After weeks of informative, yet sometimes contentious, community school meetings, voters will head to the polls on Tuesday to decide the fate of Lauderdale County School District’s proposed $12.5 million school bond issue.
The special election is only for voters residing in the county school district and will determine how encompassing the new Lauderdale County Career and Technical Education Center will be when it is constructed in the old Peavey building on Highway 11/80.
The proposed CTE Center will consolidate many of the district’s career and technical education training to one building, making the programs available to all students within the district. Currently, high school students are only able to participate in the programs offered at their campus or those available through Meridian’s Ross Collins Career and Technical Education Center.
If approved by voters, the new center will greatly expand the district’s offerings of CTE programs, including adding programs in advanced manufacturing, agricultural power and machinery, aviation technology, educator preparation, culinary arts, construction engineering technology, energy, law and public safety with a emphasis on fire fighting and business, marketing and economics. The center also will be home to a health clinic for senior health science students to participate in work-based learning and will increase apprenticeships and work-based learning opportunities for students in partnership with community businesses.
According to estimates given by Superintendent Dr. John-Mark Cain during the final community school meeting Thursday night at West Lauderdale Elementary School, turning the old Peavey building, which has been completely gutted, into the center is projected to cost $12-13 million. Installing furniture, equipment and high-tech machinery is estimated to cost $4-5 million, with another $1-2 million expected to be spent on outside paving, installing fencing and renovating existing vocational classes that will be moved from the high school campuses to the center so they can be used for regular classrooms again. At previous meetings, district officials have said the project will stay within a $19 million budget.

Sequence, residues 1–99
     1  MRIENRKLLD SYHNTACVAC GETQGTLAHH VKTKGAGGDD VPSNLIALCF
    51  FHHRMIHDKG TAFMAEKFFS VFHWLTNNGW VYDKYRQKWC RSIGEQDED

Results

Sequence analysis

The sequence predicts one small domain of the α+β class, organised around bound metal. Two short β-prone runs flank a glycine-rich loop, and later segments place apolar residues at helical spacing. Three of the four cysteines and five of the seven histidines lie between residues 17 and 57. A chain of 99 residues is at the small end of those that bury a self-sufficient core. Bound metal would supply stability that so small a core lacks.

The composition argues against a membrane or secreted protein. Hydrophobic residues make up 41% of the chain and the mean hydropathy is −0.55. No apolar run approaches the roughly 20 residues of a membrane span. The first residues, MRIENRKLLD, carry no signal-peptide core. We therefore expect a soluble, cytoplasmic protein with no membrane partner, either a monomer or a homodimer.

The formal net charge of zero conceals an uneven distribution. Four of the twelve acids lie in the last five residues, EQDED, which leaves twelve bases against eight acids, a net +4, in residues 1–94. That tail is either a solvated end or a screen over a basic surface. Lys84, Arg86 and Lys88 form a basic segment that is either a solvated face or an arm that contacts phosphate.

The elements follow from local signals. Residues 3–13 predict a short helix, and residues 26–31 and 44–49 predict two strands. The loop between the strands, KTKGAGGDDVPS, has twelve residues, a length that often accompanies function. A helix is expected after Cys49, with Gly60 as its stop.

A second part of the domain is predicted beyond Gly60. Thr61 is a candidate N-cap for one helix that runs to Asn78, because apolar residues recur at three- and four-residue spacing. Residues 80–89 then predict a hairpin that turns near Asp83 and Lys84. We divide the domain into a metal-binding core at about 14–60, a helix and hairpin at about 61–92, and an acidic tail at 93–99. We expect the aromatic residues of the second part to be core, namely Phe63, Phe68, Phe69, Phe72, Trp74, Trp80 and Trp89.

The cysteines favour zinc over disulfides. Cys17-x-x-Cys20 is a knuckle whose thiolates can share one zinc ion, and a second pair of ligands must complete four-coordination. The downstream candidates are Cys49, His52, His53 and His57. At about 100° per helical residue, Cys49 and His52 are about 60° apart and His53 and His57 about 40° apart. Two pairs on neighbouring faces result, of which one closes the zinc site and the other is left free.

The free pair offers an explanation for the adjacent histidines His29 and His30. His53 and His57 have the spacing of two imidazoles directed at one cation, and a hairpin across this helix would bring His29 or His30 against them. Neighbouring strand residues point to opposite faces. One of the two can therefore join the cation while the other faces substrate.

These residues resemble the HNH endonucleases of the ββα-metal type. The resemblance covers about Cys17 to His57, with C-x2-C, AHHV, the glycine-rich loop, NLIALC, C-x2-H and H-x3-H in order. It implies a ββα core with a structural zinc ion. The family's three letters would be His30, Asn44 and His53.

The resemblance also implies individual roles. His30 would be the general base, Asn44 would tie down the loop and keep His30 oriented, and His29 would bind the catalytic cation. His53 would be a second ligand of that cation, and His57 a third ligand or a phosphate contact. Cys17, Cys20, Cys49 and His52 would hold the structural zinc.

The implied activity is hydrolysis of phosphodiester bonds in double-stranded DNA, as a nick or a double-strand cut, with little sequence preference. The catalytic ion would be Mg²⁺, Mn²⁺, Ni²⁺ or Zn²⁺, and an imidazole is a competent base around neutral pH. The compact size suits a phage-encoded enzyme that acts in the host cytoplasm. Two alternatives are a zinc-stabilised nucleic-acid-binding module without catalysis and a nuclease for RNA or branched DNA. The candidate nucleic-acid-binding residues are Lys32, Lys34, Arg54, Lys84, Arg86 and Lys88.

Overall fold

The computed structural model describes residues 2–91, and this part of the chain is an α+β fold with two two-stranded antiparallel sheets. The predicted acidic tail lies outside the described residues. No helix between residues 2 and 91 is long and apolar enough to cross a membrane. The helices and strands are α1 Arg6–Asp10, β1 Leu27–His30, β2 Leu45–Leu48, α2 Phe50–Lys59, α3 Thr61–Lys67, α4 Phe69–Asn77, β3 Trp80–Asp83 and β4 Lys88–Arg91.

Due to numerous parents expressing concern about the safety of their children being on campus while voting is going on, the school district is granting an extra parent note excused absence for the semester with parents being allowed to use it for voting day. Typically, a student is allowed to use a parent note for five missed days a semester in order for the absences to be excused. The parent note must be submitted through the regular process, according to a letter released by the school district.
All Lauderdale County residents are eligible to vote in the election except for a small number who live in the Meridian separate school district, which includes an area mainly down Valley Road and around Old Eighth Street Road, according to a handout from the Lauderdale County Circuit Clerk’s office.
No one in the city can vote on the bond issue except for those registered voters who live in annexed areas, mostly around the Eagle Pointe, Briarwood and east of the Bonita area.
One way to check and see if you can vote is by looking in the bottom boxes on your voter registration card. Voters who have the numbers 1 through 5 under the “SCHD” heading on their voter registration card are eligible to vote. If “SEP” is listed under the SCHD heading, then you may not be eligible to vote.
Voting on the bond issue will take place on Oct. 3 at four locations: Clarkdale High School Gym, Northeast Middle School, Southeast Middle School and West Lauderdale Elementary School. Voters can cast ballots between 7 a.m. and 7 p.m., but remember that traffic to these campuses will be busy during morning drop off and afternoon pick up. Voters will need to present a photo ID as with any election.